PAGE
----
On 20 March 2017, the Uganda country coordinating mechanism (CCM) submitted a funding request to The Global Fund to Fight AIDS, Tuberculosis and Malaria containing three components: TB/HIV, malaria and RSSH (resilient and sustainable systems for health). The CCM also submitted a proposed program split for its 2017-2019 allocation. According the Global Fund Observer, however, the fund secretariat turned down the proposed program split. In so doing, the Secretariat effectively told Uganda that it could not use a portion of its allocation for a stand-alone RSSH component.
The Global Fund is committed to funding the development of sustainable infrastructures as outlined in its recent information note which affirms that it:
has always recognized that strong health systems that integrate robust community responses are needed to end HIV, TB and malaria as threats to public health. Therefore, the Global Fund has prioritized investments in building resilient and sustainable systems for health (RSSH) as a core aspect of its work, as highlighted in the new Global Fund Strategy 2017-2022 “Investing to End Epidemics.” This focus on RSSH aims to continue strengthening and expanding the capacity of systems to address health issues in a sustainable, equitable and effective manner, including for the three diseases. By strengthening systems for health, it is also expected that they will be prepared for and able to cope with any potential future shocks.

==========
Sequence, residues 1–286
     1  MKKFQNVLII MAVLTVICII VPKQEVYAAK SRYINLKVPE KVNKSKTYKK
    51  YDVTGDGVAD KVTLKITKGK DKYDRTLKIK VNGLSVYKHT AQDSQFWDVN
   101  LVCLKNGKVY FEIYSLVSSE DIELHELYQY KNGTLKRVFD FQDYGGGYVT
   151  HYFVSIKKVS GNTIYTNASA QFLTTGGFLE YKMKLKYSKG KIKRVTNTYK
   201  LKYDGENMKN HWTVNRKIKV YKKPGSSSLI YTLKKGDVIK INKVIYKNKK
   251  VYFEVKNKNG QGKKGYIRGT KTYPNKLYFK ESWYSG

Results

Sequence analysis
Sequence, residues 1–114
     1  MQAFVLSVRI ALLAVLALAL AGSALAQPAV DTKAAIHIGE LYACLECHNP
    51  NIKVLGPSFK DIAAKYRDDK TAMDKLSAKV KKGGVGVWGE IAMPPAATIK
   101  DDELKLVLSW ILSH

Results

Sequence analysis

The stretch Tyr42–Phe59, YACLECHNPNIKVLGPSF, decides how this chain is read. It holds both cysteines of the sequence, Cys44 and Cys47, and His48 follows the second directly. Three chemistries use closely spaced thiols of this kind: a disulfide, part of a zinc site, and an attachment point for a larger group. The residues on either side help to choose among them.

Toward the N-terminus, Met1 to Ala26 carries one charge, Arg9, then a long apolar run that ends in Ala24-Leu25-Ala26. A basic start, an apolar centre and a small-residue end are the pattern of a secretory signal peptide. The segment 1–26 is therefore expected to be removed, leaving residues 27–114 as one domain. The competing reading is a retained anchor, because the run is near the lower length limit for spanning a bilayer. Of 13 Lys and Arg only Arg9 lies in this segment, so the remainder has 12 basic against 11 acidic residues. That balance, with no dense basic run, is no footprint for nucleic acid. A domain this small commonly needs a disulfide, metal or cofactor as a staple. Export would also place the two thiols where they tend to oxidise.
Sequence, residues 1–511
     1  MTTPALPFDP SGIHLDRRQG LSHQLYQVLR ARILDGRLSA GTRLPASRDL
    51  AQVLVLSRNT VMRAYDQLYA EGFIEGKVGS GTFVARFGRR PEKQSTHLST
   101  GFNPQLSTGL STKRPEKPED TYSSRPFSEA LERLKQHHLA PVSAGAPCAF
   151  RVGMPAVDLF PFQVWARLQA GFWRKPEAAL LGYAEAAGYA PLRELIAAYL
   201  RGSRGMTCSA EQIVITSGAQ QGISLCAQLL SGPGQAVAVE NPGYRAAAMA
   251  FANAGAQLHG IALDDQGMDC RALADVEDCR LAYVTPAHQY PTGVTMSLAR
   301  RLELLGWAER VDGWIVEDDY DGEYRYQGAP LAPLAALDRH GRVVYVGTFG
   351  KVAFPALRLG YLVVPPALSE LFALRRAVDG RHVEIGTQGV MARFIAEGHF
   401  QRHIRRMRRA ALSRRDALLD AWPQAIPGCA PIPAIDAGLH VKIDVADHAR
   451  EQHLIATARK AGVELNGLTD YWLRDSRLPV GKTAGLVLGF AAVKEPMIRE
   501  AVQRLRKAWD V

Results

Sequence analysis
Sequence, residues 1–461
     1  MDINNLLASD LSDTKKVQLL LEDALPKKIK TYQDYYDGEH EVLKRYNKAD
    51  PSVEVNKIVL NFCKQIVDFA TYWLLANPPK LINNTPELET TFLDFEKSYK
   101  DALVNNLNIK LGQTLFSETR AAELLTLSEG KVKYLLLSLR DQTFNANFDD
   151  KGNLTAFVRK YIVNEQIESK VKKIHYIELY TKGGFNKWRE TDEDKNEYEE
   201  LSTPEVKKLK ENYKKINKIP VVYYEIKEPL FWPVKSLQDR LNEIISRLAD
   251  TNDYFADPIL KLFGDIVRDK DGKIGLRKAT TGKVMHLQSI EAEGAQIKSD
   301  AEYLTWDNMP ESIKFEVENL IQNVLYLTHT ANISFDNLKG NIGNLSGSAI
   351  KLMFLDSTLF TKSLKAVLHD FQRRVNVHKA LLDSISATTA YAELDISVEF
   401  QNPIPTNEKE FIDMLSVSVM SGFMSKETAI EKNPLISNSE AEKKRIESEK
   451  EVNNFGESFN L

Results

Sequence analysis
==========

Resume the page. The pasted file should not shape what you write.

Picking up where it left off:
How can the Fund, on the one hand, encourage countries to divert funds from their HIV, TB and malaria allocations in order to come up with enough money for a stand-alone cross-cutting RSSH component – and then, on the other hand, criticize countries for “weakening” their response to the diseases in the process? Where else can a country come up with money for an RSSH component except by taking it from the HIV, TB and malaria components?
To which the Global Fund replied
We do not encourage countries to divert funds from HIV, TB and malaria allocations; we encourage countries to do so only where it makes sense. In this instance in Uganda, the proposed RSSH element did not have a clear link to how the expected systems would benefit the disease component. More important, it would have reduced funding for essential treatment, where essential treatment is urgent and significant. Funding for RSSH should never get in the way of procuring or acquiring indispensable commodities such as ARVs or mosquito nets.